Procrastination is Sneaky

Procrastination doesn’t look like Procrastination. It’s super sneaky. 


Let us give you an example. Sometimes procrastination looks like research: “Once I do a little more research, I’ll be ready to write my book.” Or it looks like conducting an interview: “I can write that next chapter once I schedule an interview with her.” It’s easy for these things to come between you and your writing. You think you need to do a "thing" before you can do the writing. 


The thing is, the writing is the thing. 


You have to make time to write AND do research, conduct interviews, etc. What separates pros from amateurs is their ability to recognize the difference. Schedule time for the writing and then schedule a separate time for the other things. That’s how you keep procrastination from getting between you and your writing. 


If you’re waiting on the right time to write your book, you are wasting...

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Adding the Urgency Factor

“Urgent!!! Act now.” “2 days left to save.” “LAST CHANCE!” 


We’re suckers for those subject lines, aren’t we?


One of the strongest tools in marketing is urgency. You see these tactics all the time. Here are the four most common ones: Time (limited time, last time, now, today only, deadline, seconds, minutes), Speed (now, act now, don't delay, hurry, rush, instant), Scarcity (once in a lifetime, one day only, never again, last chance), and FOMO (price going up, offer expires, now or never, final sale).


Like us, you’ve probably made a purchase based on one of those factors, and there’s nothing wrong with it. Understanding how marketing works is a super useful tool when writing your book. We commonly tell our clients to “bake in” the marketing hooks. That means viewing your manuscript through the eyes of a marketer. 


(Don’t worry, you don’t have to be a...

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5 Things to Do After You've Finished a Draft

So you’ve finished a draft of your…novel, business book, etc. Now what? There’s a strong tendency to want to go back and begin revising and working on it all over again. It’s natural to feel that pull.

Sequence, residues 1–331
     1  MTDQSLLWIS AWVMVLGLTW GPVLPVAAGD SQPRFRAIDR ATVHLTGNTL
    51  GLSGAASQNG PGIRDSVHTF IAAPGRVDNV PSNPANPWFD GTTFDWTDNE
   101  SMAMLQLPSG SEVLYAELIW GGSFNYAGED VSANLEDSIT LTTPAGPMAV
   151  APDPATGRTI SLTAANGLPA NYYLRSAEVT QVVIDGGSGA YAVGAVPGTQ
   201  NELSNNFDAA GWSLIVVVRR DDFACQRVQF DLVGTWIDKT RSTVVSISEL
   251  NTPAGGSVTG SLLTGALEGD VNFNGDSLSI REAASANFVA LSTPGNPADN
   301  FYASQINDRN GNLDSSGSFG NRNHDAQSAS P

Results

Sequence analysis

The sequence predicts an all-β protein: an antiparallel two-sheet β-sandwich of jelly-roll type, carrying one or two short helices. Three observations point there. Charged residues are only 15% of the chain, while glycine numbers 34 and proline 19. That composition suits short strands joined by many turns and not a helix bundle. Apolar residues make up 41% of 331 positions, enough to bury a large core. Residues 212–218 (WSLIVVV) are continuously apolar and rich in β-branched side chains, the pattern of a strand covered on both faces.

Let’s look at some options that will help you come back to your draft inspired and ready for your next steps.   


1. You’re going to be kind to yourself.
 There’s a strong temptation to look back after finishing a draft and think it’s crap. You’re not going to be mean to yourself. Everyone makes bad art. This is a part of the process.


2. You’re going to remind yourself that you’re showing up for writing and art.
 Be proud of that. Completing a draft, even an unpolished first draft, is a step most writers never get to, believe it or not. It’s hard to finish. Be proud of your efforts to get this draft completed. If you want to take it a step further: celebrate. Maybe it’s ice cream or a...

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PUBLISHING MARKET UPDATE; Vol. 3, Issue 8

For those of us who majored in Economics, the dreaded word “recession” always seemed straightforward. You’re either in one, or you’re not. While the economy has become rather nuanced in the first few years of the ‘20s, the downward pressures are clearly being felt. Except in some very rare situations, books are the definition of a discretionary purchase. So, a downturn—whether or not you want to call it a recession—is definitely going to rear its ugly head here in the Update.


The folks at Variety conducted a survey in early July and found that 55% of U.S. adults expected to reduce their spending on entertainment in a recession (a category that includes books). Only 10% said that none of their spending habits would change in the event of a recession, to which their credit card companies shouted “hooray.”


Amazon Down!


Regardless of what the politicians might be telling us, the fact is that Amazon saw a drop in revenues from its...

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Judge Your Book By Its Cover

New York Times Bestselling author Adam Grant recently said, “Instead of telling kids they shouldn’t judge a book by its cover, should we teach them to judge negative and positive examples differently? Don’t doom a book by a bad cover—but give a book with a great cover a chance.” Adam makes a good point, as he often does.


The thing about covers is: No one intentionally makes a bad cover. No one wants to “doom” their book, but so many often do. In today’s email, let’s find a way to follow Adam’s advice by giving your book a better chance with a great cover.


Here are three tips (plus one bonus tip) for creating a great book cover:

  1. Know Your Genre. If you’re writing a detective novel or a thriller, you know the elements that tell your reader what type of book this is. Once upon a time, Amish fiction was a hot genre in publishing. That means the cover had to feature a bonnet. Whether it was on the head or in the...
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Does the Size of Your Book Matter?

Does the size of your book (page count) matter?


Yes…and no.